The workshop, titled “Dealing with right wing attitudes and politics in the classroom" took place last week and had been advertised on posters around the university.
Dan Hough, a politics professor at the university, published a picture of the poster on Twitter, with the caption: “Perhaps we should just talk about, analyse and then evaluate all positions in any given debate, no?”
He said there is a “worrying aversion” to right wing opinions at the university adding that “universities should be intellectually diverse, rather than echo chambers of left wing opinion”.
Professor Claire Annesley, head of the law, politics and sociology faculty, wrote a blog on Tuesday in response to the debacle. She said she is concerned to learn that students are keeping their "economically liberal" views to themselves in seminars, and that undergraduates with conservative views had "kept schtum".
"Silencing student voices is never what we aspire to as a department," she wrote.
Earlier this month, a survey by the online magazine Spiked found that a fifth of universities are “hostile to free speech and free expression" and mandate explicit restrictions on speech, including, bans on specific ideologies, political affiliations, beliefs, books, speakers or words. The survey found that university administrations are becoming increasingly “censorious”, with nearly a quarter of them having “actively censored speech and expression” in 2017.
Sussex University said that the workshop was about “challenging extreme attitudes, such as racist or homophobic comments” and that the “wording” of the poster had not reflected this.
Professor Alan Smithers, head of the centre for education and employment at Buckingham University, said it is “alarming” that such workshops were taking place.
“The university is letting its prejudices show if it is conflating right-wing opinions with homophobia and racial prejudice,” he said.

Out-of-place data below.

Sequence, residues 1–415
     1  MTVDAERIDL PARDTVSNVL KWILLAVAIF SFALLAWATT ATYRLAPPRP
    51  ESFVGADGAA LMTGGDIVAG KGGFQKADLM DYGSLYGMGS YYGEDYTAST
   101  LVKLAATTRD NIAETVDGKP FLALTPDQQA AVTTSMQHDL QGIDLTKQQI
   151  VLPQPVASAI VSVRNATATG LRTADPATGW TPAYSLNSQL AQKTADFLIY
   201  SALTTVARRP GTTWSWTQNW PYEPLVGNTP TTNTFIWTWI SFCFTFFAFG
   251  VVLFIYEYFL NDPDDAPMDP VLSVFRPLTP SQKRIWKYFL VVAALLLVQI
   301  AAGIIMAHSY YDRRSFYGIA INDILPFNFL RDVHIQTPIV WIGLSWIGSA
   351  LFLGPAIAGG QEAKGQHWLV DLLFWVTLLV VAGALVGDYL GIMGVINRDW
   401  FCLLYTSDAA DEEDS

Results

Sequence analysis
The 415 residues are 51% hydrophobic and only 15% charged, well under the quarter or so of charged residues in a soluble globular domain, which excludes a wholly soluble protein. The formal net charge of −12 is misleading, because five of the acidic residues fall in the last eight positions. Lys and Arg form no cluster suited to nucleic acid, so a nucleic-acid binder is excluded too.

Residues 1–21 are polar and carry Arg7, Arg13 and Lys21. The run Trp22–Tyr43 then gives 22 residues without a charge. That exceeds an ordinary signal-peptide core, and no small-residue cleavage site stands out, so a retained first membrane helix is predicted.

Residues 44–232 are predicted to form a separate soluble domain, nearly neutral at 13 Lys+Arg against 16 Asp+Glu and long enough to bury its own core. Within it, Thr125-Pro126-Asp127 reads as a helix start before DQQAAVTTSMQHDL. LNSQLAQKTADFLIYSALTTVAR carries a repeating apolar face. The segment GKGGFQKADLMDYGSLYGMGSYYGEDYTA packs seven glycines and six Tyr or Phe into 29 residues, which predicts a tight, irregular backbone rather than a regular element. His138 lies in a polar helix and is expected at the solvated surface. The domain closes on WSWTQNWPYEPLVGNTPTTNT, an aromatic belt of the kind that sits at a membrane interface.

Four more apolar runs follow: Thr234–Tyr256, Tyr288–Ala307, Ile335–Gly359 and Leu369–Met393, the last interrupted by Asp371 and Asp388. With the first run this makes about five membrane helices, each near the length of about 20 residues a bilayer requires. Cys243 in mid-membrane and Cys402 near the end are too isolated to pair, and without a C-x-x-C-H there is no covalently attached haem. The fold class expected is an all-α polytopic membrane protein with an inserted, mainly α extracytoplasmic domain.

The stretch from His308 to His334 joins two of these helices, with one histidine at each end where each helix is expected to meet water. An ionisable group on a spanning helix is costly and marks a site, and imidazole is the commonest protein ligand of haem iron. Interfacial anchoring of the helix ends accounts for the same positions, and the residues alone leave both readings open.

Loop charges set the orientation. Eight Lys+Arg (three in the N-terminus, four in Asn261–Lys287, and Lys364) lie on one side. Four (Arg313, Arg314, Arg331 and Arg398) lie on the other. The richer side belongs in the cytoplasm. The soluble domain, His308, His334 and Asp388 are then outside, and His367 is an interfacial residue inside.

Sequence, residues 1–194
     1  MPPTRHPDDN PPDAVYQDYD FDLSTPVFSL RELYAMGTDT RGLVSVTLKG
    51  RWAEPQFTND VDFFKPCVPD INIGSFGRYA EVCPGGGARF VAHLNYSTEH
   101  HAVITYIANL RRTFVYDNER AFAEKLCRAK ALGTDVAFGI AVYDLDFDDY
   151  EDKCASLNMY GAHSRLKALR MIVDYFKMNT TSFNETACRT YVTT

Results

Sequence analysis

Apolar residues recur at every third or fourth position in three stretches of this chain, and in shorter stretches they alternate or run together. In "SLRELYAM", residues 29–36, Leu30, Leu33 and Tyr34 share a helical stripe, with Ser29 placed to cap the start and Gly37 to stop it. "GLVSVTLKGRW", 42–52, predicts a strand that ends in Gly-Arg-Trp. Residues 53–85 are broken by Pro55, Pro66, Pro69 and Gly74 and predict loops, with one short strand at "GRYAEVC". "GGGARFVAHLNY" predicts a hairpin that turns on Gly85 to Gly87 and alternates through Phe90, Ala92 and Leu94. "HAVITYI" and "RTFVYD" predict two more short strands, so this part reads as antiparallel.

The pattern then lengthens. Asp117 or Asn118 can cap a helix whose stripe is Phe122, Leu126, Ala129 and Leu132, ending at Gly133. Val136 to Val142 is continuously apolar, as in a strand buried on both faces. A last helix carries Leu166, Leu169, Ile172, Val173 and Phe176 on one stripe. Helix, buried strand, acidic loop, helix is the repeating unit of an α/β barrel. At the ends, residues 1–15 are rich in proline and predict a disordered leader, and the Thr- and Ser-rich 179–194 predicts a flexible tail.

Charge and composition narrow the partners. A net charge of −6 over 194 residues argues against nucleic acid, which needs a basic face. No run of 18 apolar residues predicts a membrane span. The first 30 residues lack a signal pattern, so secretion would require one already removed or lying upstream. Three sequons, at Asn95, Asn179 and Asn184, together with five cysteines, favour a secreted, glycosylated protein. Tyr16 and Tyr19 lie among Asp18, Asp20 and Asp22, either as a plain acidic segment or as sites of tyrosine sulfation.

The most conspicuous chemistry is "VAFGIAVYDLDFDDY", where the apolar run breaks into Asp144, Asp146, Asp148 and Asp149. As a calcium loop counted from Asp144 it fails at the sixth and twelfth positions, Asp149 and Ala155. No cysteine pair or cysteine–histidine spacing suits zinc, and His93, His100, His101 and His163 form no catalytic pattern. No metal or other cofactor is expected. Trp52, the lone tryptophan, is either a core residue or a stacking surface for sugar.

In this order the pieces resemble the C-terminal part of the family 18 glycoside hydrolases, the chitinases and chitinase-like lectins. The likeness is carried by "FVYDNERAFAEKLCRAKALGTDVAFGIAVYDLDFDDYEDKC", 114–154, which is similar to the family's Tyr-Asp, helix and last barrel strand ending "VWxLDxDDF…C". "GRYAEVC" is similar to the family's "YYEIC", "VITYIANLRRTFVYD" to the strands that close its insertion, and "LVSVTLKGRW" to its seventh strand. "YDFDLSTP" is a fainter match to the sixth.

“It is very sad the way universities are going. Within universities there has always been a spectrum of views and one of the pleasures of universities is having them rub against each other.
“That is what university is about – enabling its students to think widely and critically and come to their own views crucially backed by evidence.”
Jan Selby, Professor of International Relations
and the director of the university’s Centre for Conflict and Security Research, organised the workshop but declined to respond for comment.
A university spokesman said that the staff involved in the discussion recognise that the poster "did not reflect the aims of the discussion”.
The spokesman added: "The University will never try to stifle diverging political views, which are an essential part of learning.
"The University will address any instances where it feels its freedom of speech policy is being curtailed in anyway."
28 בפברואר 2017
מקום: ברייטון, סאסקס, אנגליה
SUSSEX CENTRE FOR CULTURAL STUDIES
ANNUAL CONFERENCE FRIDAY MAY 26TH 2017
Echoes of Fascism in Contemporary Culture, Politics and Society
Keynote speakers include:
Angela Nagle (author of ‘Ireland Under Austerity’ and ‘Kill All Normies’)
Gholam Khiabany (academic and political journalist, author of ‘Blogistan’)